On the face of it, a buoyant musical set in dreary post-Stalinist USSR sounds like an unlikely proposition, but Valery Todorovsky's Hipsters is exactly that. The story of a proper Communist youth whose world is rocked when he encounters Moscow's underground jazz scene, this effervescent confection took four prizes, including Best Film, at the 2009 Nika Awards, the Russian Oscar. Arriving at the Toronto International Film Festival in search of distribution beyond Eastern Europe, subtitles and the obscure subject matter will limit its box office potential in North America. A careful marketing campaign aimed at musical fans that emphasizes the universal appeal of Hipsters ’ joyful romance and high-spirited singing and dancing could neutralize those negatives and garner moderate box office returns.
20 year old Mels (Anton Shagin) is one of the bully boys on the scene of a raid of a "stilyagi," or hipster, hangout, but his curiosity is piqued as he waits for the bust to begin when he spies the young rebels' boisterous swing dancing. Then he chases after pretty, blonde Polly (Oksana Akinshina) when she escapes the authorities' dragnet and is immediately smitten. The lure of the illicit and the power of love overcome his qualms. Named for Marx, Engels, Lenin and Stalin, Mels turns his back on his namesakes, rechristening himself "Mel" in the hipsters' manner of adopting American monikers. Growing his hair out into an enormous pompadour, outfitting himself in riotously hued black-market fashions and taking up the saxophone, he surrenders completely to his new passion, risking his freedom and his future in a society that places the highest value on adherence to authority.
Written by Yuri Korotkov and adapted from his novel Boogie Bones, Hipsters is a deceptively sunny musical, wrapped in candy colors and full of youthful energy. With its emphasis on hot jazz, the music and choreography percolate with exuberance. With its lovers Mel and Polly coming from disparate worlds, the film sometimes plays like a Russian version of West Side Story or John Waters' Cry-Baby. Set in 1955, its tale of defiance is also reminiscent of the classic juvenile delinquent movie of that year, Nicholas Ray's Rebel without a Cause. At the same time, Hipsters does not ignore the political and social ramifications of Mel's actions, limning the consequences faced not just by the stilyagi, but also by their families, friends and neighbors. For the most part, Hipsters is playful Todorovsky even finds humor in Soviet conformity as his camera pauses in a department store to pan across row after row of the same shoe, the only style available.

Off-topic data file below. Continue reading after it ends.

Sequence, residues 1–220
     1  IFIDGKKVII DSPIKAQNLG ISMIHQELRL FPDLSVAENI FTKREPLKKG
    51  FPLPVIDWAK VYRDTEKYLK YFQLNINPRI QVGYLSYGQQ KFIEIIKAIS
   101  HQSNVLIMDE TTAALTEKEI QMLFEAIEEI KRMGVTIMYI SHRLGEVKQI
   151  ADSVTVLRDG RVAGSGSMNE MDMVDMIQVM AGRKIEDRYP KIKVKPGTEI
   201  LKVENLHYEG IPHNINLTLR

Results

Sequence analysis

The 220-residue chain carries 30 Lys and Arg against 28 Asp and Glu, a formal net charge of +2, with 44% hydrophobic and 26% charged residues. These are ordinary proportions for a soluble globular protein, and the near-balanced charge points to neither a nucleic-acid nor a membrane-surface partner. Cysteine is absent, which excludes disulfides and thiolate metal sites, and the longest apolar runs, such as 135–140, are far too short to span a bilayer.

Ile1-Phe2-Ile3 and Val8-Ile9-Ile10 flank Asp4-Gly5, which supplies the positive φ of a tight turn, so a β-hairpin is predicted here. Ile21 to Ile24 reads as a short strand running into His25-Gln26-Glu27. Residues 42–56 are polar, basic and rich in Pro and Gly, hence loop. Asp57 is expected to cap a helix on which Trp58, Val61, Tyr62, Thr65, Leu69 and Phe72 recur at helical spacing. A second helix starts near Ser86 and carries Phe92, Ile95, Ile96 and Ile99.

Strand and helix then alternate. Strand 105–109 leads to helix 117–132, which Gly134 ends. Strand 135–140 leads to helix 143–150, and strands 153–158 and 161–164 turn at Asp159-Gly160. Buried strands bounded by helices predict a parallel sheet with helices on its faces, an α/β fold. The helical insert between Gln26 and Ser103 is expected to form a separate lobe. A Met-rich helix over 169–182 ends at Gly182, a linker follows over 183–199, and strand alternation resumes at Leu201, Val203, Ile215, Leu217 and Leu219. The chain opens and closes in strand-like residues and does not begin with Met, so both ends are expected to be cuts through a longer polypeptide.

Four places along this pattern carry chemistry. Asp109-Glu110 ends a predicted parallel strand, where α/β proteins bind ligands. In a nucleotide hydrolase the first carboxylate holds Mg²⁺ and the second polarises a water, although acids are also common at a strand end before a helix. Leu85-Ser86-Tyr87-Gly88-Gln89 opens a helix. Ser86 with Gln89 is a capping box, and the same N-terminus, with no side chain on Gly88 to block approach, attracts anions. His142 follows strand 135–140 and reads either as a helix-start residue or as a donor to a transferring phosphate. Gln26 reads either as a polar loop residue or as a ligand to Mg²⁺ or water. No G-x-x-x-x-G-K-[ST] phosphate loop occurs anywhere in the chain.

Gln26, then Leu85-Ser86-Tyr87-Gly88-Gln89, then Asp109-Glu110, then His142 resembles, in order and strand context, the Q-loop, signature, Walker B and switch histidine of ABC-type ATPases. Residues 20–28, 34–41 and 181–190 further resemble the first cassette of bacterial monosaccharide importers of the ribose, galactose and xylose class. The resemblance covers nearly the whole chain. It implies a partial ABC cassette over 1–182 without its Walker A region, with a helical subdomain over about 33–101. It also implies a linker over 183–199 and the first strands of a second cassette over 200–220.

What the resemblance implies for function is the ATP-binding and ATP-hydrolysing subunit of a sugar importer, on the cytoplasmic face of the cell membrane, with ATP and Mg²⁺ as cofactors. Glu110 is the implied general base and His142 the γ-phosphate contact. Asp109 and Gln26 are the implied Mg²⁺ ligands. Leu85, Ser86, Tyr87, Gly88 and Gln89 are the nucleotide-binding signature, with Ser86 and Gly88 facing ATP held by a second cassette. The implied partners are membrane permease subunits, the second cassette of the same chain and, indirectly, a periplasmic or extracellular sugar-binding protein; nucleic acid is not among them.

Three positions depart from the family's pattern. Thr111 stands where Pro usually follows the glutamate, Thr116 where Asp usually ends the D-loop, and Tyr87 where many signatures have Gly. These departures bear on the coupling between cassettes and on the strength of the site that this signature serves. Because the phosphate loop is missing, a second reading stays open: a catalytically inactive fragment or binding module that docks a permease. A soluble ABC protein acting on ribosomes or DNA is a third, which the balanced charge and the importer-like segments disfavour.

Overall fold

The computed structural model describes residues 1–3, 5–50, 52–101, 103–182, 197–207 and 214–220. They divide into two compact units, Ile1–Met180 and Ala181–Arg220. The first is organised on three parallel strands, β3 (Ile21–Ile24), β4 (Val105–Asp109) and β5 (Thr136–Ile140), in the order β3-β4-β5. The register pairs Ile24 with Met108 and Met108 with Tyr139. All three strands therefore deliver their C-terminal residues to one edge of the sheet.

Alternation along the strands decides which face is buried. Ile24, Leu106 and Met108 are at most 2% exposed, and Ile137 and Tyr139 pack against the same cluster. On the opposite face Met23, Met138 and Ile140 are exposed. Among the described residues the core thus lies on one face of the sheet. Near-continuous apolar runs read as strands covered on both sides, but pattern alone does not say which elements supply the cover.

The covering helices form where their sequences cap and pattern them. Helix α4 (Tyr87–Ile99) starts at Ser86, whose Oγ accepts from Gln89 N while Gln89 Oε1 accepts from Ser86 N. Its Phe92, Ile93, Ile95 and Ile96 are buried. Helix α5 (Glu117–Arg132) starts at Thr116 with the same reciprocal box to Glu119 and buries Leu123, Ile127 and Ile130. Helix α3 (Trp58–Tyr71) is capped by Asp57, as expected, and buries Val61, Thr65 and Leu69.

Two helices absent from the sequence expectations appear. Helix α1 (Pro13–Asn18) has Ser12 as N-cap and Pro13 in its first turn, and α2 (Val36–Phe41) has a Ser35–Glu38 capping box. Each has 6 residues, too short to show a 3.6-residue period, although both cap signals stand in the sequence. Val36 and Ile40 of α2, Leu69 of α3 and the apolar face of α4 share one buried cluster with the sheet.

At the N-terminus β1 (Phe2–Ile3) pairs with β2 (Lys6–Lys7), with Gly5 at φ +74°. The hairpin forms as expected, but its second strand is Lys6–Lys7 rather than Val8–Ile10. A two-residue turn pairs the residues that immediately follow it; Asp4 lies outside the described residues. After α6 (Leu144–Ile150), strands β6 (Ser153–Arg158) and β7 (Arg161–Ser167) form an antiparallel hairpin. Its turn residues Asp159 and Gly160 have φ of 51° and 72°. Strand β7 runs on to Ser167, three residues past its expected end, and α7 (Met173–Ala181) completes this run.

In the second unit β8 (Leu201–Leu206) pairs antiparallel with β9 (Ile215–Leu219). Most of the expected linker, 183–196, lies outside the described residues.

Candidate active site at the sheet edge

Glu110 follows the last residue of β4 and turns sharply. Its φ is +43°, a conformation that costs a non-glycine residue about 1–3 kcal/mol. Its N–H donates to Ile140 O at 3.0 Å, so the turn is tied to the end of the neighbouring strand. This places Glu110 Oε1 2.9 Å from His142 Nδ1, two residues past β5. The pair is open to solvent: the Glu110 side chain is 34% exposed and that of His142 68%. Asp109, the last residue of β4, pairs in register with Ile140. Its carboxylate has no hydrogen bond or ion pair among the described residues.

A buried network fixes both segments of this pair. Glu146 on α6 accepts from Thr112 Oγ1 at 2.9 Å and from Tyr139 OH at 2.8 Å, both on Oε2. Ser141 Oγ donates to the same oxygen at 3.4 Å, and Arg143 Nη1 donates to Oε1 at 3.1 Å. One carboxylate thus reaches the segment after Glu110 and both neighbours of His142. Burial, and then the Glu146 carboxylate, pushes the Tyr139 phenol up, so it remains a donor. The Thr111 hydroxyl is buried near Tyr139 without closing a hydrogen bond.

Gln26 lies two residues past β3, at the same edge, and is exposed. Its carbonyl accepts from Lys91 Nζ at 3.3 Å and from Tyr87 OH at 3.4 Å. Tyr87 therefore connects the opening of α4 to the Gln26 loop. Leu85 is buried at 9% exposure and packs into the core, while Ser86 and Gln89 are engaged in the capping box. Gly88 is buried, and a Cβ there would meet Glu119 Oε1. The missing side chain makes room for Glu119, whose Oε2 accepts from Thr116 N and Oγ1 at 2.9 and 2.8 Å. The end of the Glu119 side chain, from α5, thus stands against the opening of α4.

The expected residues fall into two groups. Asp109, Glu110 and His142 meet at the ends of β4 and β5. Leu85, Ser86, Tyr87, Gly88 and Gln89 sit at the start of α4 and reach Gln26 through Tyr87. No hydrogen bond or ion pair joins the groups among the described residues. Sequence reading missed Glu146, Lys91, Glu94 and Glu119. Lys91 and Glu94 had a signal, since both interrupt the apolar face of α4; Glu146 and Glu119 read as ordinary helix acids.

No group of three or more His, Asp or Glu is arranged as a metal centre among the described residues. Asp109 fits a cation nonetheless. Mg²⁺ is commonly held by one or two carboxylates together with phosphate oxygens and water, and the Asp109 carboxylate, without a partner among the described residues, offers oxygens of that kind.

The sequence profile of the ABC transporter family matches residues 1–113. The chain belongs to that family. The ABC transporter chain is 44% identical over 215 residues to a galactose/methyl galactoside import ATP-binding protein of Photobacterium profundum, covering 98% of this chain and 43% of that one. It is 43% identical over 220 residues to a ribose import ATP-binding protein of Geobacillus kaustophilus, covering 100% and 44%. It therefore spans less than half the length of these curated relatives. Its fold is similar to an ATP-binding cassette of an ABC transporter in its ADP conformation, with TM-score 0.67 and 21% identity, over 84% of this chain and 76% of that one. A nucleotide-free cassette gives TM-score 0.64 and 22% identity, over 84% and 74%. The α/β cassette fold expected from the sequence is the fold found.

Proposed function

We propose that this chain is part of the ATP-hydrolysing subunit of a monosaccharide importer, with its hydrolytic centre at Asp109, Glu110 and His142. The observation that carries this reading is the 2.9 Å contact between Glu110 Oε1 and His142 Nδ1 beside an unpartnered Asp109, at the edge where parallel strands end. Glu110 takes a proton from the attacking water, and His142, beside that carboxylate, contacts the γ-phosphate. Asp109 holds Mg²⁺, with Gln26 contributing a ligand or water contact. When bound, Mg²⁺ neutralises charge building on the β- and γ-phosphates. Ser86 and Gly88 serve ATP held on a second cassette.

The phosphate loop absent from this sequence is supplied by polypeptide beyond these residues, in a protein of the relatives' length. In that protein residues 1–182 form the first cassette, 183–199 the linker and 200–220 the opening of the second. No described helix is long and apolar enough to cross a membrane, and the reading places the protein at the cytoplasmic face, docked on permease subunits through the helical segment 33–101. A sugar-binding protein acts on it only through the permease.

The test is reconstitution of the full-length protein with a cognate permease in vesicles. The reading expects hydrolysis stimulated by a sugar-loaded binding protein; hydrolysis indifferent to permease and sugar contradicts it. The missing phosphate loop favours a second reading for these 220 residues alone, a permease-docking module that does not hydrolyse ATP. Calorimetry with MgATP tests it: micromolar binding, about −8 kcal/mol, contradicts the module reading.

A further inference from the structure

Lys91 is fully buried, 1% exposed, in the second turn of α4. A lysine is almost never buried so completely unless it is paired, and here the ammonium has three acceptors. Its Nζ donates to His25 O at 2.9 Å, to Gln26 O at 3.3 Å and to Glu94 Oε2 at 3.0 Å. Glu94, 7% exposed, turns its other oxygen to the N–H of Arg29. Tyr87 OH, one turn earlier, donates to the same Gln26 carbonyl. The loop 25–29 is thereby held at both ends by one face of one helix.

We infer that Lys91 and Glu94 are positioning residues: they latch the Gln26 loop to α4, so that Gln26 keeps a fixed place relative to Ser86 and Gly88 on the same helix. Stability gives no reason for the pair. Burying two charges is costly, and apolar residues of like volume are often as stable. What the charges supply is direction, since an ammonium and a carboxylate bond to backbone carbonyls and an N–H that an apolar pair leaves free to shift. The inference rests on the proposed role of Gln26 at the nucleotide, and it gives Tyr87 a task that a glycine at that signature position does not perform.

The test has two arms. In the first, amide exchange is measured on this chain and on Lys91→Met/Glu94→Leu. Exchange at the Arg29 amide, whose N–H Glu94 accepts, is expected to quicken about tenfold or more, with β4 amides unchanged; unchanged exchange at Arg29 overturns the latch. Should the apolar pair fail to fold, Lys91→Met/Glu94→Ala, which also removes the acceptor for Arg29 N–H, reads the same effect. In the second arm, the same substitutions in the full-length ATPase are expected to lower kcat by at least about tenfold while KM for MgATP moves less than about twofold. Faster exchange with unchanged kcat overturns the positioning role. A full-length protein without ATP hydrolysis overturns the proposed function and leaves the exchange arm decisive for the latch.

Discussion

In a way Hipsters suffers from an overabundance of material. At 125 minutes, it is longer than it needs to be and what begins as a tight story eventually unravels. The characters are strong enough and the actors' performances electric enough to transcend those deficiencies. The movie eventually pays off with a rollicking climax set along Moscow's streets. Hipsters may take place in the middle of the Cold War, but it beats with a warm heart that is hard to resist.
Cast: Anton Shagin, Oksana Akinshina, Evgeniya Khirivskaya, Maxim Matveev, Igor Voynarovskiy, Sergey Garmash, Konstantin Balakirev and Aleksandr Stefantsov
Director: Valery Todorovsky
Screenwriter: Yuri Korotkov
Producers: Elena Glikman, Ilya Neretin, Leonid Lebedev, Vadim Goryainov, Valery Todorovsky and Leonid Yarmolnik
Genre: Musical; Russian-language, subtitled
Running time: 125 min.
Release date: TBD